Let's face it, IPTV is on the rise and that means we can expect a flood of new services based around it. Everything from social viewing experiences to new discovery services and offerings are going to be coming to market in rapid succession, especially with the push toward more and more TVs being connected to the Internet either directly or through another device like an OTT box.
Now we've got FreeCast which wants to be your personal channel guide for online TV and claims over 5000 channels available. But that isn't limited to just online versions of TV episodes. In their featured channels list are places like Openfilm, The Onion and Revision 3, as well as FOX, CBS, etc.
If you ask me, it's poorly implemented. For example look at this channel listing:
Not exactly inspiring is it? Wall of text syndrome in an IPTV service? It definitely leaves something to be desired. On a TV, that list would be terrible to read.
On top of that, what it seems to do is iFrame any site it's going to pull content from which makes sense because I'm sure places like CBS don't want their content being displayed without getting paid.
Since they are putting the content in an iframe it means they can then embed everything in a Facebook app page and allow watching through there. But they're not really doing anything that is new. All they did was pull together links to all the sites with content and then iframe the content pages. On their front page they say you can watch on a variety of devices including game consoles. However, they have an Xbox 360 image there and I know there is no web browser on that so there is no way to watch because there is no Freecast App available on the platform and with the Xbox LIVE TV initiative underway there, I don't think they would even allow it now.
Plus, they're also limited to whatever the content-producing sites are actually making available online without signing in to an account. It's not like Hulu where they have some level of control over what is there. Here's some copy from their press release:
FreeCast.com recently emerged as the web's leading provider of web-based television, offering an intuitive personal channel guide to consumers. The system is supported by an expansive video search crawler, which locates and categorizes around 1.5 million new videos each day.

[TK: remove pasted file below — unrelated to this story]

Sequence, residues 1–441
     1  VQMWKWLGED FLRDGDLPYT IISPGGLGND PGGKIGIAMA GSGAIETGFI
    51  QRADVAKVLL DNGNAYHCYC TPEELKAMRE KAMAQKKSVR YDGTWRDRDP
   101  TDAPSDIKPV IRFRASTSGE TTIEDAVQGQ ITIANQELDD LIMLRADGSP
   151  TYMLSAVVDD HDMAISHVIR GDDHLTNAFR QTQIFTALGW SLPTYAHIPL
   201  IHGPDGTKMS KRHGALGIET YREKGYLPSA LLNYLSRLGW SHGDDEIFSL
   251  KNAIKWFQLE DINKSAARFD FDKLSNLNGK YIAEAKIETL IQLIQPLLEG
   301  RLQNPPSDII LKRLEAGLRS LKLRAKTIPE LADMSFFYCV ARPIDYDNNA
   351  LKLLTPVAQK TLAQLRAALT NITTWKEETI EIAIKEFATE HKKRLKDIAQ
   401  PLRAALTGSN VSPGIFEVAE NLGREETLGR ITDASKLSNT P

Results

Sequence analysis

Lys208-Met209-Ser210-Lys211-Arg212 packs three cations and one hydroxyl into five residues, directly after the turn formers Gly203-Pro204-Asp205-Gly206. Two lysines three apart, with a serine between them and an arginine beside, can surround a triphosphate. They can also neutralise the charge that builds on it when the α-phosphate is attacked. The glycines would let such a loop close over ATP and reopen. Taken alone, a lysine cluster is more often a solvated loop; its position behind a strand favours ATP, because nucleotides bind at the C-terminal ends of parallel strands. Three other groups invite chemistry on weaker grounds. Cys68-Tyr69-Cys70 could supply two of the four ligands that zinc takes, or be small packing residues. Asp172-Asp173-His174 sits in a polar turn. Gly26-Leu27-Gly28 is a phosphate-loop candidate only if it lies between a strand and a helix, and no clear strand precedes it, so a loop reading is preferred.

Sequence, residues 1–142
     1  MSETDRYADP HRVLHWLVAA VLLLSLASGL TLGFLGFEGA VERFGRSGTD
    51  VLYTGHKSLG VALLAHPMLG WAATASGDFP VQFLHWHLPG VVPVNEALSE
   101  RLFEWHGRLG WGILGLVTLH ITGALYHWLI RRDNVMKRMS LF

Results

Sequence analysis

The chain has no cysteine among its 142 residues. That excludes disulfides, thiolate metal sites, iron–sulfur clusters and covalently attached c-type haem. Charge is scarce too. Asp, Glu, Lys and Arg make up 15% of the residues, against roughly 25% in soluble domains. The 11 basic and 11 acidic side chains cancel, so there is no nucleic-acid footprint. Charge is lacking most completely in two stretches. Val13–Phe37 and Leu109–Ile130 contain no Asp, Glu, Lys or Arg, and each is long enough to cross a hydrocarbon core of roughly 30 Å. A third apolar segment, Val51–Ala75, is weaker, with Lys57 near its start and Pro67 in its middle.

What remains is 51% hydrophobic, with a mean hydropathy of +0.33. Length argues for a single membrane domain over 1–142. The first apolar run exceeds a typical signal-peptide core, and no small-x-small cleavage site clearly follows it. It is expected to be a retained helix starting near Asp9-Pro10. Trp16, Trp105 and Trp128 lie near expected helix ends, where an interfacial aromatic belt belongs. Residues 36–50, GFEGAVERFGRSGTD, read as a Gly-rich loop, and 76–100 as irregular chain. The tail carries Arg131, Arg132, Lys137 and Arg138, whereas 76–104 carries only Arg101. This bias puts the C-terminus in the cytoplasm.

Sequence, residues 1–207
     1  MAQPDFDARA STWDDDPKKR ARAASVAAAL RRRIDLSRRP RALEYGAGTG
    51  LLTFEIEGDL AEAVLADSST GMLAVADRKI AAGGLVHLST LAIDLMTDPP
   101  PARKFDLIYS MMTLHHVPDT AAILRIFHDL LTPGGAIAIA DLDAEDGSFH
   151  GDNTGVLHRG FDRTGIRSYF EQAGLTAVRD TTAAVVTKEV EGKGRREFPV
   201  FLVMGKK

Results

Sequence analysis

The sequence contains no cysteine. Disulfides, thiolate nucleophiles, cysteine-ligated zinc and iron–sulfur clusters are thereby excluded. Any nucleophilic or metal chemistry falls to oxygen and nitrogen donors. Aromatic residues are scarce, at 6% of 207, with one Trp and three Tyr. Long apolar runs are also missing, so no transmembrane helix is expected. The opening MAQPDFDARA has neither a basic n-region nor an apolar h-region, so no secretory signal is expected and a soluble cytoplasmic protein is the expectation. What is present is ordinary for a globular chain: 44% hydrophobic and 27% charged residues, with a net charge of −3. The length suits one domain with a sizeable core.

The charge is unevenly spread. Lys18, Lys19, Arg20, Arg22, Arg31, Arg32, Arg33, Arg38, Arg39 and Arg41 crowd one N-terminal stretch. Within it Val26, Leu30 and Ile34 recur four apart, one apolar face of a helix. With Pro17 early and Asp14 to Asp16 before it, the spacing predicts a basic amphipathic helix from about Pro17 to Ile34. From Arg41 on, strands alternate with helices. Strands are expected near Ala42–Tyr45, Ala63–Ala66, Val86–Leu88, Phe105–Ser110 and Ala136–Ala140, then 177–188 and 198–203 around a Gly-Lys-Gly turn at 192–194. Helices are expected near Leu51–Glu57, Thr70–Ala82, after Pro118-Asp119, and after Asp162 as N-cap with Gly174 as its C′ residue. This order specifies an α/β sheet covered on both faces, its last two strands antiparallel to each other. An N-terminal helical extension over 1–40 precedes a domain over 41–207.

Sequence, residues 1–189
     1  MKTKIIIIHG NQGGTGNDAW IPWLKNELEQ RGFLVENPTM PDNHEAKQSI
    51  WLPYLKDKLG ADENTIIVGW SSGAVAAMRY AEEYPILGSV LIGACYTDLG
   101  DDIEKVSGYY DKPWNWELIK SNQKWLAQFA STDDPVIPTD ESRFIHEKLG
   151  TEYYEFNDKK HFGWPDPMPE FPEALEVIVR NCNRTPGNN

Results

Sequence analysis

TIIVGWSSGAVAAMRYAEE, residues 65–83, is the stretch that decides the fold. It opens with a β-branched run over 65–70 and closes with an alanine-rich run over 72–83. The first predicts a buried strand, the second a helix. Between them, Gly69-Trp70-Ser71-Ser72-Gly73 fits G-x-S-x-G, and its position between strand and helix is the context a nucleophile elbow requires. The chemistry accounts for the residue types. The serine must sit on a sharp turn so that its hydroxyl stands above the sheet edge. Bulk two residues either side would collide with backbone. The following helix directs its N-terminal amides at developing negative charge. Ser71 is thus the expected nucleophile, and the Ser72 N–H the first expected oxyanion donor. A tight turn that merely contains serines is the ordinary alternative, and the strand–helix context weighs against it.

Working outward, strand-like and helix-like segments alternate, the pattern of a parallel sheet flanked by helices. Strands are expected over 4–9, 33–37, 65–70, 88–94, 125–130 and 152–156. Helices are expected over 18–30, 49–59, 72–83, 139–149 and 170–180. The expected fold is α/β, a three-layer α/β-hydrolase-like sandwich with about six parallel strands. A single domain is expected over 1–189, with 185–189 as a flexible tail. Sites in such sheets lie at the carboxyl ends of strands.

As soon as a user finds something they want to watch, they simply click their mouse and get taken directly to the content provider's website.
So the heart of it all is a video search engine and, according to their statement, they are pretty much putting the content in an iframe.
Recently launched FreeCast.com, which compiles all openly available streaming and on-demand content across the globe...
Now in their Facebook App, you run into a situation where content is available only if you have a cable or satellite subscription, busting FreeCast's "death of Cable" statement in their original release. Here's an example:
So what does FreeCast offer that other similar services don't? Nothing as far as I can tell. Sure, they are pulling in video from numerous sources, but then you have to jump through hoops to get to much of the content and I don't see it reducing the amount of clicking to get to the content. The Facebook app really looks like just an iframe canvas page that pulls their site in. Then, you won't be able to get to all of the content anyway because when you click your provider (as displayed above) it opens in a new window, taking you completely out of Facebook. I could have just gone to the Time Warner site and done that myself.
I like the idea, but the implementation needs a lot of work. The claims they are making, are far larger than what they are accomplishing currently. What would be really cool would be an electronic program guide that was more organized and had fewer text walls. There's not even a queue system so you can put a list of content together to watch and of course there are no playlists, mostly because of the way that they are pulling in content. So I don't think they're going to endanger cable, satellite or even Hulu any time soon. At least with Hulu I can put together a queue, make a playlist, add bookmarks to shows, etc. It's a far better, and cleaner interface in my opinion. That's not to say that FreeCast can't better itself, but in the state it's in, I think it would be more work to use than Hulu, or just going to the respective websites and viewing the content directly.
FreeCast needs some serious work and new features to make it any kind of competition or paradigm-shifting service that it sounds like it wants to be. While I like the all-in-one attempt, I think it's going to take far more that iframes to make a truly successful IPTV discovery and content guide.